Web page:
There was pressure on the Clinton administration to raise the "religious freedom issue" with Vajpayee. Elliot Abrams, Chairman of the United States Commission on International Religious Freedom, wrote to Clinton in the second week of September urging him to raise with Vajpayee "the need for his government to take more effective steps to protect the religious freedom and the lives and security of persons of religious minorities in India". The Commission recommended that the U.S. President "impress on the Prime Minister that promotion of religious freedom is indispensable to healthy relations between India and the United States". According to diplomatic sources, the religious freedom issue figured in the talks between Clinton and Vajpayee.

The Opposition has alleged that Vajpayee made far too many concessions to Washington. Critics of the government say that one reason why he was received so enthusiastically was the significant concessions the Indian government extended to U.S. multination als in the telecommunications and power sectors, which have been opened up for them. The privatisation of these sectors was a long-standing demand of visiting U.S. officials. In the Joint Statement issued by the U.S. President and the Prime Minister on S eptember 15, the two countries agreed to build on the new momentum in their relationship "to further enhance mutual understanding and deepen cooperation across the full spectrum of political, economic, commercial, scientific, technological, social and in ternational issues".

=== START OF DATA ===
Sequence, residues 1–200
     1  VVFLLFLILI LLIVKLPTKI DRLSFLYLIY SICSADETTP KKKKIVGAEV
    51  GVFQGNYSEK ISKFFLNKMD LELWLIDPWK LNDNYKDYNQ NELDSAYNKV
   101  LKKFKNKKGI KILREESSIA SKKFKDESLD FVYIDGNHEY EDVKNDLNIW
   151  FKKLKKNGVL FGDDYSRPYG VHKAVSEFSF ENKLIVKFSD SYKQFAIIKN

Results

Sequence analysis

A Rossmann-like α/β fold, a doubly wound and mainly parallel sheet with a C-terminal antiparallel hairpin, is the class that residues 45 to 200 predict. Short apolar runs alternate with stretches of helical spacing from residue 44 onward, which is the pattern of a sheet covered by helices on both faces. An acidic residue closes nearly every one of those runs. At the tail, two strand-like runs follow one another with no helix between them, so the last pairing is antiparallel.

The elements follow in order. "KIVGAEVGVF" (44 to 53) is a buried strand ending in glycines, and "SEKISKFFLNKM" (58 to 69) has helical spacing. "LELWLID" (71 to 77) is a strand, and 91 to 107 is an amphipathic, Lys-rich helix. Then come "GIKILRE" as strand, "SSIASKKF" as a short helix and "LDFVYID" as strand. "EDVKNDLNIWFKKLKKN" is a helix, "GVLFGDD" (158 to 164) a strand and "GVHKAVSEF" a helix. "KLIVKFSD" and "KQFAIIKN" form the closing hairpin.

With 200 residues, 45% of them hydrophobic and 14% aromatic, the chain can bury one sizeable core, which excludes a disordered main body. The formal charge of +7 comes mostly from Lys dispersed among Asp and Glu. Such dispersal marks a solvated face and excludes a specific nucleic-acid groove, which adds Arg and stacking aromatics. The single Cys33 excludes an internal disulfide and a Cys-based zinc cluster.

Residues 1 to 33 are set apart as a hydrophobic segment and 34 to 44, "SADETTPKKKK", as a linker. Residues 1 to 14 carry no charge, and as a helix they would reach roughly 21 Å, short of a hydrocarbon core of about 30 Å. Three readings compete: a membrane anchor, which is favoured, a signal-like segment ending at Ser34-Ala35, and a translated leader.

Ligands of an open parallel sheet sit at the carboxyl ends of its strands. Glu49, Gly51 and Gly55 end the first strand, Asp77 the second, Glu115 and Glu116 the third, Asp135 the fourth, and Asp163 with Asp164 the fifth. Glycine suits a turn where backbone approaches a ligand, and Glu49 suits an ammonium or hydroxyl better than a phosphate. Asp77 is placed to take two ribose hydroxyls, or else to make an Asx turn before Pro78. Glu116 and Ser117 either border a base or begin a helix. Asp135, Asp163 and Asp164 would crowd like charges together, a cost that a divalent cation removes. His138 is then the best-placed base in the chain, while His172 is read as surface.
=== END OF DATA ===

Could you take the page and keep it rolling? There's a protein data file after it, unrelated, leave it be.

THE Joint Statement specifically highlighted the role of the two countries in launching the "Community of Democracies" earlier in the year. The concept behind the "Community" is a throwback to the Cold War days and is aimed at isolating countries such as Cuba and China. France, for instance, had refused to sign the document calling for the establishment of the Community at the U.S. sponsored meet in Warsaw in June.